(A) H1792 cells were treated with DMSO (vehicle), 100 nM everolimus, or 80 nM AZD8055 for 24 hours. Cell lysates were assayed using a phospho-RTK array kit. Phosphorylated RTKs that change their amounts with the drug treatment are highlighted with boxes. InsR, insulin receptor. (B) KRAS-mutant cells were treated for 24 hours with various concentrations (nM) of everolimus or AZD8055, and cell lysates were probed with the indicated antibodies. (C) KRAS wild-type cells were treated with DMSO, 100 nM everolimus, or 80 nM AZD8055 for 24 hours. Cell lysates were assayed using a phospho-RTK array kit. Phosphorylated RTKs that change their amounts with the drug treatment are highlighted with boxes. Shorter exposure of phospho-arrays for H2170 cells is shown in fig. S5B. (D) Cell lysates from four KRAS-mutant and four KRAS wild-type cells growing at steady-state conditions were probed with the indicated antibodies. (E) IGF1 and IGF2 concentrations in supernatant of NSCLC cell lines growing in steady-state conditions.

To explore the mechanism of activation of the IGF1R pathway, we studied the possible role of the IGF1R ligands, IGF1 and IGF2. Most of the KRAS-mutant cells analyzed secreted either IGF1 or IGF2. In contrast, no IGF1R ligand secretion was detected in the conditioned medium of KRAS wild-type cells (Fig. 4E). Together, these results suggest that cells harboring KRAS mutations have a strong basal activity of the IGF1R pathway, and this pathway is critical for the activation of PI3K, both in basal conditions and after mTOR inhibition. This may explain why the combination of mTOR and IGF1R inhibitors is more efficient in KRAS-mutant cells than in their wild-type counterparts.

A three-drug combination causes tumor regression in KRAS-driven lung tumors

To determine the efficacy of the drug combinations in vivo, we used the KRASG12D-driven lung tumor mouse model KrasLSL-G12D;Trp53Flox/Flox (KP), which develops aggressive lung adenocarcinomas. Whereas treatment with linsitinib or everolimus had a modest or no effect on tumor growth, a notable reduction in tumor progression was obtained when both drugs were combined (Fig. 5A). Nevertheless, the treatment failed to promote tumor regression over the 4-week course of the treatment. In keeping with our in vitro findings, addition of trametinib to this combination led to marked regressions in volume of most of the tumors analyzed (Fig. 5A). The degree of regression was greater than with the double combination of trametinib and linsitinib (fig. S6A). The triple-drug combination was generally tolerated during the treatment period (fig. S6B). However, postmortem analysis in six mice detected stomach ulcers in four mice and one incident of adverse effects in the eye, which are consistent with the effects reported in patients treated with MEK inhibitors and rapalogs (2830). Analysis of the activity of the targeted pathways in drug-treated tumors recapitulated the in vitro findings. Everolimus treatment induced a clear increase of IGF1R and AKT phosphorylation, which was blocked by addition of linsitinib. ERK phosphorylation was also augmented after everolimus treatment and was inhibited by trametinib (fig. S6C).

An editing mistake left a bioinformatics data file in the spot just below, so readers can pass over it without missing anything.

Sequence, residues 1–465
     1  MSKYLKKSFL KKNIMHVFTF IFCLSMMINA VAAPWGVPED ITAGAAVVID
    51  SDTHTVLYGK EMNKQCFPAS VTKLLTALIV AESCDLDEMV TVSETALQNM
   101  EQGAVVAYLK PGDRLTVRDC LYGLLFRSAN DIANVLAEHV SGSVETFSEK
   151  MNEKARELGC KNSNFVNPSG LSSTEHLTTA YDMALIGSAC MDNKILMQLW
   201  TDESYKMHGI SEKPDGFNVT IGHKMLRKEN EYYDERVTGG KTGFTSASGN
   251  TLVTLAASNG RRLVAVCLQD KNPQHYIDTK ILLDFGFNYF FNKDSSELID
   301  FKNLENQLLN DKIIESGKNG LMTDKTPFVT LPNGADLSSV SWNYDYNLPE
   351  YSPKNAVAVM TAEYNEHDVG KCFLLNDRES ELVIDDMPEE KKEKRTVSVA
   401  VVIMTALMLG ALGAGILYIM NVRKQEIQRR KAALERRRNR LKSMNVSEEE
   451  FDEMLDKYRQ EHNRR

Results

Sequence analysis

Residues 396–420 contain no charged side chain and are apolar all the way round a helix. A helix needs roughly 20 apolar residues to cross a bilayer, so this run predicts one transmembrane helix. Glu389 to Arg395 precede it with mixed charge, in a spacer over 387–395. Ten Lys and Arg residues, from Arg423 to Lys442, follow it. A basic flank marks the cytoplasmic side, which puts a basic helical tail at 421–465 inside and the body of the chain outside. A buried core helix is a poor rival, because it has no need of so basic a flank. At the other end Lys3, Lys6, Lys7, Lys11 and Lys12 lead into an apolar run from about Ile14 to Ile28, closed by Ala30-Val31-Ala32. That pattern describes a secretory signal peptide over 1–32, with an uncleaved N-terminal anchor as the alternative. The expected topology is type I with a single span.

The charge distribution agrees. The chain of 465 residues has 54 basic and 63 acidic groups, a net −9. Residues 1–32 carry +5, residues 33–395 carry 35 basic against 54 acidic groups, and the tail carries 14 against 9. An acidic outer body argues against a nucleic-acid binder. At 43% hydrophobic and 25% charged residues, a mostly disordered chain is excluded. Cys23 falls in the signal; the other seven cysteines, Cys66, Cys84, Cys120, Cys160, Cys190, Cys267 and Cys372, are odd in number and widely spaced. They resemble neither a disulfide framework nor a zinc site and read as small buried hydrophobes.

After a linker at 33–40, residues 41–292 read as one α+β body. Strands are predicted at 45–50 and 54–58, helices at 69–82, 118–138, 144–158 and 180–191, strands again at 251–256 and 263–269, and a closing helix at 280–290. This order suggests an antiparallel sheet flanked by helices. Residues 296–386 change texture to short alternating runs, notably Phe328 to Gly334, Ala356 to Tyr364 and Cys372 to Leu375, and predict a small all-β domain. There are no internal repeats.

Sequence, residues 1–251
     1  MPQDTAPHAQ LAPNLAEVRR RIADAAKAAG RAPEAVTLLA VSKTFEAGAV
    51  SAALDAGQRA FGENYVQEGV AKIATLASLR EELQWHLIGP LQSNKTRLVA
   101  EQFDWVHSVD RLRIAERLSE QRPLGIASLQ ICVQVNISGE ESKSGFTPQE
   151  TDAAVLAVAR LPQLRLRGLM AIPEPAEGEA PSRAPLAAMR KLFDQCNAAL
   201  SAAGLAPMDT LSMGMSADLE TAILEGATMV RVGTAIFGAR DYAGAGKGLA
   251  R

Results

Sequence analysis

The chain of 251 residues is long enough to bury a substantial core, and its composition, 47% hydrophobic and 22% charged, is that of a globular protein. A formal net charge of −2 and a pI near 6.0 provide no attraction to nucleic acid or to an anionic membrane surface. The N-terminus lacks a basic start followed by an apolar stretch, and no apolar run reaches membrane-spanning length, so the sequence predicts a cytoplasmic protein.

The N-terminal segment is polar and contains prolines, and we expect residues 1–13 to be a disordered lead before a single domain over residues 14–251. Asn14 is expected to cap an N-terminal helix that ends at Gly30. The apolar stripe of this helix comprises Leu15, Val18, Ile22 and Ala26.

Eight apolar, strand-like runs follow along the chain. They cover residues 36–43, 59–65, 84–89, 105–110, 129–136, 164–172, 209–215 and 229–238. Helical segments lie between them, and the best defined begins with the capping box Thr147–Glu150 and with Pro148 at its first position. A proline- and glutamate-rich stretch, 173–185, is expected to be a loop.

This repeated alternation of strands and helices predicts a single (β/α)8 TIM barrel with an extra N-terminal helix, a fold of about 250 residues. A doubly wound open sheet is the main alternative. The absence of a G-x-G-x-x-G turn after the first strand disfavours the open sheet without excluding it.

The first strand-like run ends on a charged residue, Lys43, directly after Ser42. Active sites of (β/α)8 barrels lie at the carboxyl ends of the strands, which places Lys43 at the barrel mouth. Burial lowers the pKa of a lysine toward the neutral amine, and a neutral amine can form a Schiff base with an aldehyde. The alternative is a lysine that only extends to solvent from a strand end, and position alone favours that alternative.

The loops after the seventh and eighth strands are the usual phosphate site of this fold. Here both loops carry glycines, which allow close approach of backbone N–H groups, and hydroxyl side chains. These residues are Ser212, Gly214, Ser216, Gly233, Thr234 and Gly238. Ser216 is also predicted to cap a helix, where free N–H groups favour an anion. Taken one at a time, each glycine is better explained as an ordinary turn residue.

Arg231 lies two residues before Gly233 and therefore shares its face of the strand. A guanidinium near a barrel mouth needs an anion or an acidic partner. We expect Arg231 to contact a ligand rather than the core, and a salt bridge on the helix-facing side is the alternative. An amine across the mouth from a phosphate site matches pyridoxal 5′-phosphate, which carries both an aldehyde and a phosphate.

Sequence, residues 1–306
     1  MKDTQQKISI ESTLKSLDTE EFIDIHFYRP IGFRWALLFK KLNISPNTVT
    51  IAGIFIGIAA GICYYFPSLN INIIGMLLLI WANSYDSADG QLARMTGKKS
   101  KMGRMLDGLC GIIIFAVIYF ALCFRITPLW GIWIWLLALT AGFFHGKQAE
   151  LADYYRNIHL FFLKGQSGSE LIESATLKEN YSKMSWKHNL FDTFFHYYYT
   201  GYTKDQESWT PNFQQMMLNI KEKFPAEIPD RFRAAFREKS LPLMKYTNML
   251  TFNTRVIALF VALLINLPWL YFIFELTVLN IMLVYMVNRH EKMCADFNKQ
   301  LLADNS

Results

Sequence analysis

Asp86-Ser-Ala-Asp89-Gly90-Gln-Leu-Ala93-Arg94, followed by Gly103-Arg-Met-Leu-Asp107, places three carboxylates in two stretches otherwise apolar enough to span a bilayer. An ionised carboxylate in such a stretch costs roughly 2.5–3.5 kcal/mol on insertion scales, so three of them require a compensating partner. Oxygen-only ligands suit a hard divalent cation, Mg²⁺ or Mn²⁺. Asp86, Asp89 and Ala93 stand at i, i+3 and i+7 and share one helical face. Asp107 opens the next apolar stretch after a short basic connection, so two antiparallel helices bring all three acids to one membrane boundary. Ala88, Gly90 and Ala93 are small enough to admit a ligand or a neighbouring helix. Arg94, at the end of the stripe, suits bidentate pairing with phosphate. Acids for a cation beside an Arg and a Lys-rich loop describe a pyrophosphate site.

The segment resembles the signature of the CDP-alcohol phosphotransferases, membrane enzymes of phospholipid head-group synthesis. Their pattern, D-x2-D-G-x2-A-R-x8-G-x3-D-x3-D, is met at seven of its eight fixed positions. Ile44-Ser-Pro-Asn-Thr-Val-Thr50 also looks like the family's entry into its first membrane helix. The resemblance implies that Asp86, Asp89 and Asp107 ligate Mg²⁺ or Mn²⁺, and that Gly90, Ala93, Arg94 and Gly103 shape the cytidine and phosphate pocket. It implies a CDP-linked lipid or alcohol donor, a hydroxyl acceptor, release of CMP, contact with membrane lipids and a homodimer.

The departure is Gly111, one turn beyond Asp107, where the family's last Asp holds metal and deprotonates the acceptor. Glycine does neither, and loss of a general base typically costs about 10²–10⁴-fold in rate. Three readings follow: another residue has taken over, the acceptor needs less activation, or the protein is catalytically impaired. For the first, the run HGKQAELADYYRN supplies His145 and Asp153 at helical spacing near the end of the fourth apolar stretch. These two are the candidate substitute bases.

Fig. 5 Combination of mTOR, IGF1R, and MEK inhibitors promotes tumor regression in KRAS-driven lung tumors.

(A) KrasLSL-G12D;Trp53Flox/Flox mice were treated with linsitinib (25 mg/kg), everolimus (2.5 mg/kg), and/or trametinib (2 mg/kg) (four to five mice per group). A waterfall representation of the response of each tumor after 4 weeks of treatment is shown. The inset box shows an enlargement of the combination treatments. (B and C) Mice with urethane-induced lung tumors were treated with vehicle or linsitinib (17 mg/kg), everolimus (1.7 mg/kg), and trametinib (1.3 mg/kg) (six to seven mice per group). Waterfall representation of the response of each tumor after 4 weeks of treatment (B) or after a second cycle of 4 weeks of treatment (C). (D) KrasLSL-G12D;Stk11Flox/Flox mice were treated with vehicle, linsitinib (25 mg/kg), everolimus (2.5 mg/kg), and/or trametinib (2 mg/kg) (four mice per group). A waterfall representation of the response of each tumor after 3 weeks of treatment is shown. The inset box shows an enlargement of the combination treatments. Statistics were done using Mann-Whitney test. *P < 0.05, **P < 0.01, and ***P < 0.001.

To evaluate better the efficacy of our three-drug regimen, we compared it with the combination of trametinib and paclitaxel. A phase 2 trial of the combination of MEK inhibitor selumetinib and docetaxel showed promising efficacy in KRAS-mutant NSCLC (31), although a subsequent phase 3 study failed to confirm this (32). Our results showed that treatment with MEK, IGF1R, and mTOR inhibitors was markedly more effective than the combination of MEK inhibitor and taxane (fig. S6D). We then discontinued the treatment after 4 weeks and monitored tumor growth for 3 weeks. Disruption of the treatment resulted in tumor regrowth (fig. S6E). However, when we administered a second cycle of treatment, the triple combination again led to a marked tumor regression in most of the tumors analyzed (fig. S6F).

We evaluated the efficacy of our treatment in two further KRAS-mutant mouse lung tumor models. We used a urethane-induced lung cancer model, in which the carcinogen administration induces lung tumors carrying KRASQ61R mutations. This model develops less aggressive tumors than the KP mouse model but with a higher number of mutations (33). The drug doses were reduced compared with the KP model experiments to avoid drug-associated toxicities linked to the different mouse genetic backgrounds (FVB/N for urethane-induced carcinogenesis and C57BL/6J for the KP-engineered model). No measurable toxicity was detected at the level of mouse body weight with the doses used (fig. S6G). Results showed that the combination of everolimus, linsitinib, and trametinib produced a notable antitumor effect in the urethane-induced lung tumors (Fig. 5B and fig. S6H). All the tumors analyzed showed more than 50% tumor regression, and, in some cases, regression was almost complete. Similarly to the KP model, tumors grew back when treatment was discontinued but again regressed when the drugs were readministered (fig. S6I). In contrast to the KP model, regression during the second round of treatment was less pronounced than during the first cycle (Fig. 5C). This might be explained by the fact that these tumors grow more slowly after drug withdrawal or perhaps because the higher mutation burden could increase the likelihood of selecting for outgrowth of resistant clones.